RIP Springtime (April 27, 2023 – April 27, 2023).
After a historically harsh winter and then a momentary heat wave, summer fog is already blanketing the Bay Coast region, a dismal pattern that is expected to persist into next week. And beyond.
“It’s covering the bay every morning, and some of it has entered the delta,” said meteorologist Jan Null of Golden Gate Weather Services at Half Moon Bay, which experienced only one fogless sunset while the month.
“It’s a year where that summer pattern sets in early,” he said.
Sure, Memorial Day weekend is always a melancholy holiday, honoring the tragic loss of young lives alongside picnics and barbecues. Thus, our time strikes an appropriate tone.
Beachgoers at Point Reyes National Seashore sat bundled up in jackets and sheltered between the dunes. Only a few people braved swimsuits, and all of them were children.
Monday forecast: foggy with a high risk of frustration.
The best weather drama of the holidays occurs in the Sierra Nevada, where towering cumulus clouds produce thunderstorms and lightning.
Because of all the snow, there’s a tremendous amount of water vapor, according to National Weather Services meteorologist Rick Canepa. When heated by the sun, this water and warm air pockets begin to rise – updrafts propelled by mountain ridges and peaks. All this atmospheric instability creates storms.
The meteorological summer begins in two days, and not on the date of June 21 associated with the vernal equinox, called astronomical summer.
But the lingering low white clouds have already worn out their welcome.
This spring was 2.3 degrees cooler than average in San Jose during the months of March, April and May, Canepa said. The city’s temperature averaged 57 degrees, down from a historic average of 59.3 degrees.
If March was cold, it wasn’t your imagination. That month was 4.2 degrees below normal.
Oakland’s spring was even colder. The city’s average temperature was 55.5 degrees, more than three degrees lower than the historical average of 58.7 degrees. This is the third coolest spring on record since 1970.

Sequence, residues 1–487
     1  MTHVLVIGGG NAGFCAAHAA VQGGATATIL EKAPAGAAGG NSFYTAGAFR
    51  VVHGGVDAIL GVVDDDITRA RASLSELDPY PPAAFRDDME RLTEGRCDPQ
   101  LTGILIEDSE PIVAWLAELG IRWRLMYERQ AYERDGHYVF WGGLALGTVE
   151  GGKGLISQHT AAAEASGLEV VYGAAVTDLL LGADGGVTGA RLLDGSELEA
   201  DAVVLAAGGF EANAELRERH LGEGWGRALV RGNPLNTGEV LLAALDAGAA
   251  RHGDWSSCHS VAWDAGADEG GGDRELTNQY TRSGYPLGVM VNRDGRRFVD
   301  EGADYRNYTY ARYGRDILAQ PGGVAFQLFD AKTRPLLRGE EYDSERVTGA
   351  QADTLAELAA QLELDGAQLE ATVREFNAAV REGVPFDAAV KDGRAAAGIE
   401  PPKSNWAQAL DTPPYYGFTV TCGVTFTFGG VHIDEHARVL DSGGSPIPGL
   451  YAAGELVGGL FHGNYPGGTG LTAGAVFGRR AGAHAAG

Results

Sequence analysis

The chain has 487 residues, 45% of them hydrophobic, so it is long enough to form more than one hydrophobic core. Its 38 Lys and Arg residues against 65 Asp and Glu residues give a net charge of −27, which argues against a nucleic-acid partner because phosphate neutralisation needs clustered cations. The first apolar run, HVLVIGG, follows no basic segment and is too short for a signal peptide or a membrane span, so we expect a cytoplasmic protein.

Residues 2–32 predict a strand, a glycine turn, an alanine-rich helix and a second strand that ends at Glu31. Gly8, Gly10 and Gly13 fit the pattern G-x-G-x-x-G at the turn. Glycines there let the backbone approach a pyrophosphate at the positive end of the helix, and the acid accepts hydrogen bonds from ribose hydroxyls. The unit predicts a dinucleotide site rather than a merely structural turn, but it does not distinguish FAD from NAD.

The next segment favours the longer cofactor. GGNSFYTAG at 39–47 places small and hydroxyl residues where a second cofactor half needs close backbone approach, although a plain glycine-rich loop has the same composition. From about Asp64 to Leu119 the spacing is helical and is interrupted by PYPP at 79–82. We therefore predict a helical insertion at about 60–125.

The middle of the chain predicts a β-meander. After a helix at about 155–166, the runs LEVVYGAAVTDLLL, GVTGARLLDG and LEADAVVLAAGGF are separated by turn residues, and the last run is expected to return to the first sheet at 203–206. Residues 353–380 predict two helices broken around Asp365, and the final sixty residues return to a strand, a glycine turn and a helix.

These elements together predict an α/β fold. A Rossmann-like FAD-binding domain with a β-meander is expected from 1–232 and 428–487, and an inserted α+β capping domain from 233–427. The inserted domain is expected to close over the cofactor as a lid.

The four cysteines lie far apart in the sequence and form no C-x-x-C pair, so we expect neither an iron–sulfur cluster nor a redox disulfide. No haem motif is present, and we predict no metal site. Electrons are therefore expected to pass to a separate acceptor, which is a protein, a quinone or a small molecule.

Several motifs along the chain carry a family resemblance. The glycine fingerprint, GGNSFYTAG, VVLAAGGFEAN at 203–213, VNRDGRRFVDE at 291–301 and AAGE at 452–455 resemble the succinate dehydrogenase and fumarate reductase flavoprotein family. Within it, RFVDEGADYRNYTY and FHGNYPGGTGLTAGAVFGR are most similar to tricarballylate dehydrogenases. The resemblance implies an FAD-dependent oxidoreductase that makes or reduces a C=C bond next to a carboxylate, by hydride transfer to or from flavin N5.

It was the coldest spring in Half Moon Bay since 1999, Canepa said.
Do you remember those days when it was hot and sunny? Me neither.
But records show it happened a month ago, when temperatures hit 88 degrees in San Jose and 80 degrees in Oakland on April 26. There was another brief spike on May 13, when it reached 87 degrees in San Jose and 81 degrees in Oakland.
Anonymous Twitter personality @KarlTheFog commemorated our brief spring in a poem: “Roses are red. The fog is gray. Yesterday was summer. But it’s winter today.
As usual, the fog was most persistent at lower coastal elevations, thinning out at midday and in inland and high locations.
Driving under cool, cloudy skies, Matthew Dodder of the Audubon Society of Santa Clara County reached the top of the Santa Cruz Mountains this weekend to find sunshine and warmth — plus an exuberant springtime chorus of martins purple flycatchers, olive-sided flycatchers, western woodland peewees, blue-grey gnatcatchers and other special birds.
To the east, one of the earliest springs in recent memory has turned nature’s calendar upside down, with leaves appearing 23 days earlier in Baltimore and 11 days earlier in Atlanta, according to the USA National Phenology Network, which tracks seasonal changes. But the leaves germinated three days late in San Francisco and six days late in Los Angeles.
North of us is hot, with record high temperatures recorded in the Pacific Northwest and western Canada. Memorial Day will be mild in Portland, where temperatures could reach 79 degrees. In Seattle, it is expected to reach 70 on Memorial Day.
Here in the Bay Coast region, we are off to a great start on June Gloom.
Certainly, the fog has its fans. Sales of souvenir sweatshirts to chill tourists helps put money back into our local economy. Moisture is mopped up by thirsty redwoods and lichens. Without fog, film noir classics like The Maltese Falcon and Vertigo would lack mystery and dread.
What is going on?
May is usually a month of transition — fog free at first, then more and more gray, Null said.
Fog is caused by differences in seawater temperature and air temperature. Called the “marine layer”, it forms when warm, moist air passes over a body of cold water.
In late spring, the ocean water temperature remains quite cold and cools the lowest layer of the atmosphere, creating a stark contrast between it and the warmer layer above. This creates a temperature inversion, trapping cold air which eventually cools to its saturation point to form clouds.
Recently, the ocean has been exceptionally cool. A few days ago, temperatures of 49 degrees were measured on a buoy off the Sonoma County coast near Bodega Bay. .
And areas of low pressure in the upper atmosphere, called “troughs,” deepen this marine layer. Deeper sea layers can create fog far inland.
Normally, a pattern of low and high pressure systems dance around the mid-latitudes of the globe. Everything keeps moving.
“But we’ve had these dips on us all month… Not much is moving,” Null said.
Eventually the troughs will say goodbye and an anticyclone will arrive, brightening our days. As the air temperature warms, the cloud droplets evaporate until the sun shines, scorching the marine layer. The ocean will warm up. The National Weather Service’s Climate Prediction Center predicts a 33 to 40 percent chance of above-normal temperatures across most of California this summer.
But Fogust is just around the corner. To be followed later by Fogtober.
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